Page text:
Remains Mulberry Harbour, Arromanches-les-Bains

4.7
#3 of 11 in Things to do in Arromanches-les-Bains
Historic Site · Tourist Spot
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Visit Remains Mulberry Harbour to see what's left of an engineering marvel. A Mulberry harbor was a portable, temporary harbor for rapidly offloading cargo--men, vehicles, and supplies--onto the beaches during the Allied invasion of Normandy. Designed by the British and built in England, the harbors featured breakwaters, piers, roadways, and more. Come here for an appreciation for the effort it took just to supply the troops. Use our Arromanches-les-Bains journey builder site to arrange your visit to Remains Mulberry Harbour and other attractions in Arromanches-les-Bains.
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Remains Mulberry Harbour reviews

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4.7
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  • Pretty impressive remains of the Mulberry Harbour but for a detailed explanation, you need to visit the museum. You won’t miss this for sure and it is an important part of history. 
    Pretty impressive remains of the Mulberry Harbour but for a detailed explanation, you need to visit the museum. You won’t miss this for sure and it is an important part of history.  more »
  • Called into Arromanches on our way back from Pointe Du Hoc and we could only marvel at the size of the remains of the Mulberry Harbour sections. They are huge and it must have been a sight to see...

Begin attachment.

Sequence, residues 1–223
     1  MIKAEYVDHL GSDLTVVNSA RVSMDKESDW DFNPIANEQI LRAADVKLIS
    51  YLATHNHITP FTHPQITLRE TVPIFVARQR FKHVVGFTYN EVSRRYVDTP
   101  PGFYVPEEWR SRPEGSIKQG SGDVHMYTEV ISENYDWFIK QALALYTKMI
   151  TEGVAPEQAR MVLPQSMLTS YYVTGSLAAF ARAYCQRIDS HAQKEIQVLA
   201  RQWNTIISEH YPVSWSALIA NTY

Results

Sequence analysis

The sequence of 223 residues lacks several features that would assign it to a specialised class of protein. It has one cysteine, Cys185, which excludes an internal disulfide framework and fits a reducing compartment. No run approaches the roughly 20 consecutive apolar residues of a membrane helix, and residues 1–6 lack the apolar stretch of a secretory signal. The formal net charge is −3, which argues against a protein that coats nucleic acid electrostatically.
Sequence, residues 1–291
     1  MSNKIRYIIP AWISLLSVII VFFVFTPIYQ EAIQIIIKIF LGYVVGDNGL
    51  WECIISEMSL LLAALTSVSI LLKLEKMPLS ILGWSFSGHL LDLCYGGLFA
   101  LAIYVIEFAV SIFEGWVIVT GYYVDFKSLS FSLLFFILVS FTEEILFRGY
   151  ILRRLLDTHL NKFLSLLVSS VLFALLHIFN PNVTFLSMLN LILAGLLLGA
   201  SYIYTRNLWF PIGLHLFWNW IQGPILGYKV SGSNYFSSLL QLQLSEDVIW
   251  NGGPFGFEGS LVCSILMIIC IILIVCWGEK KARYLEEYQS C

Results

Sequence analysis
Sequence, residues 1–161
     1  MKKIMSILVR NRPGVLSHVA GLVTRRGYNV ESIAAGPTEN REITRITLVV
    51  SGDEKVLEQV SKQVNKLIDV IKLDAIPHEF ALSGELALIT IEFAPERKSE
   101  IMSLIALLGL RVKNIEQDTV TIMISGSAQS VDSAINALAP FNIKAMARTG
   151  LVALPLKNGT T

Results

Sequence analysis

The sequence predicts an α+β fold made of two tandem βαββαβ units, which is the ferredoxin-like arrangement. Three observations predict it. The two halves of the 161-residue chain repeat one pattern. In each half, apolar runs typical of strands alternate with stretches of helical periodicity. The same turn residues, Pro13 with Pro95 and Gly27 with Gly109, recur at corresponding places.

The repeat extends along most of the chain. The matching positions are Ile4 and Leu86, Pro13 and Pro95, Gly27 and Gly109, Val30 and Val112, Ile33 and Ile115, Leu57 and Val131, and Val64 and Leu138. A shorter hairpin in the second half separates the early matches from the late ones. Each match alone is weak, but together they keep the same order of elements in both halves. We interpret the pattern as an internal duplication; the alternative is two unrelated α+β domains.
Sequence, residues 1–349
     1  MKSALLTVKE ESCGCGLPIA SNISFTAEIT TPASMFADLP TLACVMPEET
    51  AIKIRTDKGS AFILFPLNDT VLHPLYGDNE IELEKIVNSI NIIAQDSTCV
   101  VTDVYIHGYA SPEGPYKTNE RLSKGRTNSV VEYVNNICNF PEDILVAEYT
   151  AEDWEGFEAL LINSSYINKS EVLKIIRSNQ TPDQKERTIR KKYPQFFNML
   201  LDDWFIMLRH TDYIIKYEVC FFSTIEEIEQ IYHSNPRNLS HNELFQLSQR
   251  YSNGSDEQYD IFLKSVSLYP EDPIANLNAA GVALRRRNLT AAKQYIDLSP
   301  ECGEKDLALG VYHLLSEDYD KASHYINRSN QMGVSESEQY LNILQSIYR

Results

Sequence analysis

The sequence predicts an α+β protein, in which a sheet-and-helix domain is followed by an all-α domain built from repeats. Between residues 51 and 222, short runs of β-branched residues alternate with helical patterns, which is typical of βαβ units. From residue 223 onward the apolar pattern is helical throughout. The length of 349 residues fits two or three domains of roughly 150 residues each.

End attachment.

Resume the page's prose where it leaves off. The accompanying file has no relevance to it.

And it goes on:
Called into Arromanches on our way back from Pointe Du Hoc and we could only marvel at the size of the remains of the Mulberry Harbour sections. They are huge and it must have been a sight to see...  more »
Google
  • History that is really tangible. Good overview from the high cliff.
  • Allan Beckett was the engineer who designed the floating causeway in front of Mulberry Harbor. In June 2009, a monument was erected to him in Arromanches-les-Bains. His contribution to the Mulberry was to design the floating roads that connected the pier to the shore and an anchorage system. The road had to be strong enough to withstand the constant action of the waves, which, as occurred in the dire weather of June 1944, was much more severe than anticipated. The Beckett design, which had been tested in the harsh conditions of Scotland in winter, survived the storm that hit on June 19, 1944 and lasted for three days.

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